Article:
Two things: First, we must get rid of the term “adulting” as though being an adult is actually a mysterious thing. No one knows how to be an adult! We’re all just trying to figure it out and not mess up when it comes to signing contracts and deciding whether we need vision insurance! Second, we’ve got to stop blaming the generation we were born into for not knowing basic skills. If you’re a millennial who doesn’t get something but also doesn’t do anything to change that situation (outside of going to a special school for cool kids who are adorable because “OMG, how do you pay a phone bill?” probably just like Zooey Deschanel) it’s not down to being part of le wrong generation — it’s because you’re so enamored with the idea of being a clueless millennial that you never stopped to think “huh, I bet there’s a blog about this somewhere, because if I’m having this problem 10 million other people have it, too.”

You do not need a school for this! You just need some common sense! You have a smartphone! You are not too special to learn how to do this on your own! Being a clueless mess isn’t particularly cute after you’re 25. (It’s actually not that cute after 23, but you know what? We’ll give you a pass.)

Of course, there are some good things the school offers — like improv classes and a warm and supportive online community of people who might be just like you — but the idea that you need to pay someone to mentor you in the esoteric art of hammering a nail (online! Online!) is just so painful that we’re all just hoping this is another clever prank from the same people who brought you Dumb Starbucks.

Listen, we’re not trying to be uncharitable, here. If you really do lack the necessary basic skills of how to “adult” we’re happy to help you with some ideas:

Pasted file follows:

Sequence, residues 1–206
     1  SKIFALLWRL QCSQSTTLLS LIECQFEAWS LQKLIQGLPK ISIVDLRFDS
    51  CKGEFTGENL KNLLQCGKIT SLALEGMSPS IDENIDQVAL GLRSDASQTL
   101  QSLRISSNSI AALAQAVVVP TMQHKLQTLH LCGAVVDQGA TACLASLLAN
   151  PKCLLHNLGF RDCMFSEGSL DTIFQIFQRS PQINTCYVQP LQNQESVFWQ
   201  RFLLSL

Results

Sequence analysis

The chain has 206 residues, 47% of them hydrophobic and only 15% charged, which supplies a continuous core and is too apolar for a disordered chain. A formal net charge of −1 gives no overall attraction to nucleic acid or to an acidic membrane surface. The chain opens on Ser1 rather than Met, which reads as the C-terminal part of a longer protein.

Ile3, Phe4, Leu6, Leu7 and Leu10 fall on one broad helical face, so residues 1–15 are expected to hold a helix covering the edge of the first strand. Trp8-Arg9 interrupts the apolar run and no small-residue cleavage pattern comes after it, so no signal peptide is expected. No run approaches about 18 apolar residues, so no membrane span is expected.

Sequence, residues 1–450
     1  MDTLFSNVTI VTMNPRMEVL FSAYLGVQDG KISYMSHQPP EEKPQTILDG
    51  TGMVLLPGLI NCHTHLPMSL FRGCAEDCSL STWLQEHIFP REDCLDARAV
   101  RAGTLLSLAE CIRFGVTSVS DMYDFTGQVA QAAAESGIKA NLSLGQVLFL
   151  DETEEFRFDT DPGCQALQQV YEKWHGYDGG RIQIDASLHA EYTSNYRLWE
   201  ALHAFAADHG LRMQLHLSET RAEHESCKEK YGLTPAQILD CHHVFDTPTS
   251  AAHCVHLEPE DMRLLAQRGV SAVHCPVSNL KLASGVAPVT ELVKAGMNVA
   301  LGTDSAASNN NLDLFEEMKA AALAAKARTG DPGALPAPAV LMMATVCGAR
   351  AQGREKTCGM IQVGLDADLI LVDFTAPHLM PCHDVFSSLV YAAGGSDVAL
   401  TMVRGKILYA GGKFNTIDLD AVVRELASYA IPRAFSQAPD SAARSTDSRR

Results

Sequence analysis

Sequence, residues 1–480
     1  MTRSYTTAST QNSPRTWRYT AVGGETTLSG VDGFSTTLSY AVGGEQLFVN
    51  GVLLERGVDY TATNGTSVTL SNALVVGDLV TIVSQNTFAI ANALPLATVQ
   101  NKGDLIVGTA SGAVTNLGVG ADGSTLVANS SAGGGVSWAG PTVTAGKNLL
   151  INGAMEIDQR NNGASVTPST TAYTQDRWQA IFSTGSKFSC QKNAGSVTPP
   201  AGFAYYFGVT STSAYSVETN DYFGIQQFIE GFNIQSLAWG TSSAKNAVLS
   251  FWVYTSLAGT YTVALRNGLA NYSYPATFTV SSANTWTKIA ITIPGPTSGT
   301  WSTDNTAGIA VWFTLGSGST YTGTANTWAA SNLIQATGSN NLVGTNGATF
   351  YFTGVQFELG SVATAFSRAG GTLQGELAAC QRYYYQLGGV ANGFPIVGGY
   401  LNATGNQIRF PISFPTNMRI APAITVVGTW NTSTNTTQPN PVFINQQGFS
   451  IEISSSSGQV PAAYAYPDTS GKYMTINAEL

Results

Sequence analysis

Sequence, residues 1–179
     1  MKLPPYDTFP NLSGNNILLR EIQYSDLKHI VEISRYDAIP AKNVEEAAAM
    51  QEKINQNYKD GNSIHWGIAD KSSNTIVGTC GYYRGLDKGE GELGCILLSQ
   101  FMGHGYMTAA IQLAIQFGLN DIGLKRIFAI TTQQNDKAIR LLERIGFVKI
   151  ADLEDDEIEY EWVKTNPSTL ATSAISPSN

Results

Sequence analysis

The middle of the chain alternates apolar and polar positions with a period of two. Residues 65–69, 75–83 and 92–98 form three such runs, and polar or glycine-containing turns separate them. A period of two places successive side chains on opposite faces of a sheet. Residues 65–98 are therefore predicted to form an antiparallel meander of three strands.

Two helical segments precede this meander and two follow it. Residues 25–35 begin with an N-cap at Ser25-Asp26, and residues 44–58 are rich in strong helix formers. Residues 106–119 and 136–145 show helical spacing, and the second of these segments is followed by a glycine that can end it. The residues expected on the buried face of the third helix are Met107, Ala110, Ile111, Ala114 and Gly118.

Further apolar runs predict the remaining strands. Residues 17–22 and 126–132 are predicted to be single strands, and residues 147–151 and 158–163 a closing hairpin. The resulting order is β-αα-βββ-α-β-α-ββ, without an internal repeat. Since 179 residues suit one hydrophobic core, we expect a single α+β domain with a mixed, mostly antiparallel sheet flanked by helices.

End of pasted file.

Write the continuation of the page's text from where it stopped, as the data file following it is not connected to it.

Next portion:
1. Google literally everything you have a question about.
  2. Call your parents if you need help with something (only if you’re on good terms with them, though). There’s absolutely no shame in asking them for advice and it will just bring you closer together even if it will aggravate you literally to death.
  3. If you don’t have a parent that you can call (and your relatives are all either distant or terrible), consider as Cosmo suggests, speaking to a trusted adult or someone who seems to be more together than you. People love giving advice, and most of your friends will do it for free. So if you don’t know how to change your oil or call up your dentist, they’ll be happy to help! And what’s going to happen if they tell your friends that you don’t know how to do some stupid basic thing? Nothing. Because no one just gets The Big Book Of Being An Adult on their 18th birthday, it’s all stuff we either had to ask our parents help for or learn on our own.
  4. Making and keeping appointments is easy. If you are so afraid of the phone that you daren’t call a physician’s office due to your social awkwardness — “oh my god, I am just so bad on the phone” — then you’ll be happy to know that many doctor’s offices will now schedule you via email or online! There are also many sites, apps, and support groups that will help you with your social skills if you need it. Best of all, they probably won’t charge you $15-$30 bucks a month.
  5. Budgeting is difficult but it’s a little bit easier when you don’t waste your money on things that are useless or you’ll end up regretting in the long run. That’s why you should put the cash you’d spend on this school into a savings account (the bank will be happy to help you open one without any judgment) and hold on to it for a rainy day. Then, if you’re still having problems, do another Google search, instead of throwing your hard-earned ducats at this adorable little gimmick.